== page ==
He criticized longtime community leaders, calling them members of an old regime that hasn’t listened wholeheartedly to concerns about the cost of living.

“I came back to D.C. and saw the change,” Rosenberg said. “Diversity and inclusivity haven’t been a part of it.”

As ANC commissioner, Rosenberg said he would use lessons he learned as a student at the Hult International Business School in Cambridge, Massachusetts, and a member of a local nonprofit to mend fences between the various constituencies living in his single-member district.

“The elders don’t feel like they are part of the city’s commitment to change,” Rosenberg said. “I’m here to bridge the gap and be a transparent candidate. I live among elders who’ve been around for a long time and I also see millennials moving in. I talk to both about their concerns. The millennials don’t know D.C. and I think about how I can help them learn about our evolution over the last 15 years.”

Rosenberg’s platform centers on public safety, mental health, housing and transparency. He said those issues reflect the varying interests of people burdened by lack of parking and increased traffic density since the Wharf reopened last year.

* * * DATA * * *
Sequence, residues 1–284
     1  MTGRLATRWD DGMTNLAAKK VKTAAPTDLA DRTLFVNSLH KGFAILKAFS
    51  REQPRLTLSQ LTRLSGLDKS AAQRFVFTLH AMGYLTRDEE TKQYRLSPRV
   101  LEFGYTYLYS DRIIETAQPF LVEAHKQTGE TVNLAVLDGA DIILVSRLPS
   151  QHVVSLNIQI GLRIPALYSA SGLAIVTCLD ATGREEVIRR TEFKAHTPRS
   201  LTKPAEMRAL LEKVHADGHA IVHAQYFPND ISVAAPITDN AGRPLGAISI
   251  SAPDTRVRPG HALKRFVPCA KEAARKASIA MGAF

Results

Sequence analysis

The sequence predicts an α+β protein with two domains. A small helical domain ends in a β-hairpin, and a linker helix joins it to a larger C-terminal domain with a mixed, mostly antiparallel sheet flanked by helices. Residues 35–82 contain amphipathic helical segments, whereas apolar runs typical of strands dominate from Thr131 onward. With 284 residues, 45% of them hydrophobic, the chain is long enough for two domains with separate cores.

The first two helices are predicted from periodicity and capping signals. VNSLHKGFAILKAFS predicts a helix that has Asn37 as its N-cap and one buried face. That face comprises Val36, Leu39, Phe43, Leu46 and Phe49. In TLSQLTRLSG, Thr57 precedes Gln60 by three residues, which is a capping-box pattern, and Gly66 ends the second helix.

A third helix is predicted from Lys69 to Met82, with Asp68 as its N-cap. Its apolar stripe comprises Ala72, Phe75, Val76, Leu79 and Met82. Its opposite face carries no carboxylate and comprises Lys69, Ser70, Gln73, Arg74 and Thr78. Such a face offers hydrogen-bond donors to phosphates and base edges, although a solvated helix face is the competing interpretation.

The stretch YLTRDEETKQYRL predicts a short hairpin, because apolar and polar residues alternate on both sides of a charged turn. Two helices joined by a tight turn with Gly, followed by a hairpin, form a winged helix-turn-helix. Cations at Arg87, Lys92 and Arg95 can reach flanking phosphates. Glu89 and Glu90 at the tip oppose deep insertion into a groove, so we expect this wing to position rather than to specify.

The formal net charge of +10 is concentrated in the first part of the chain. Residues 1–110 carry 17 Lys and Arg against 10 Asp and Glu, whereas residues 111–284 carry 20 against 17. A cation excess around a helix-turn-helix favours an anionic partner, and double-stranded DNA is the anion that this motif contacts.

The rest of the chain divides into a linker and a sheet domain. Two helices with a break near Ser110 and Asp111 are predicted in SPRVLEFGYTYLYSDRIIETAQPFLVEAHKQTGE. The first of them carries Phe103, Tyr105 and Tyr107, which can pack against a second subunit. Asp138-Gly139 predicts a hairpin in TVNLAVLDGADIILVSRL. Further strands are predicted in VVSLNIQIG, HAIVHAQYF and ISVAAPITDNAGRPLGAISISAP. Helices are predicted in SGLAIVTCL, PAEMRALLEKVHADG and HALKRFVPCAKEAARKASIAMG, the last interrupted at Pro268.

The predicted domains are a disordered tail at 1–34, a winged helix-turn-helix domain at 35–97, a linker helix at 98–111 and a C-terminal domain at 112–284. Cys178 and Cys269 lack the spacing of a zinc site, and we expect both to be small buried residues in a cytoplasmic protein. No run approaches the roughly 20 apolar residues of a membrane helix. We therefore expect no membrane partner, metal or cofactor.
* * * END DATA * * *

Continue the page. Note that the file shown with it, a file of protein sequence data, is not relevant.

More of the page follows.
As a member of the Progressive Blue Wave Slate, Rosenberg said he aspires to boost his constituents’ confidence in local government.

“I believe this slate represents a different kind of government that’s in it for the interests of the people, and not private gain,” Rosenberg said. “The people are our main concern. Progressivism means going above and beyond for the people. It’s a way of life in everything we do. When people say you can’t do something, you show them why you can. This is what this new progressive movement is doing.”

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Sam P.K. Collins

Sam P.K. Collins has more than a decade of experience as a journalist, columnist and organizer. Sam, a millennial and former editor of WI Bridge, covers education, police brutality, politics, and other...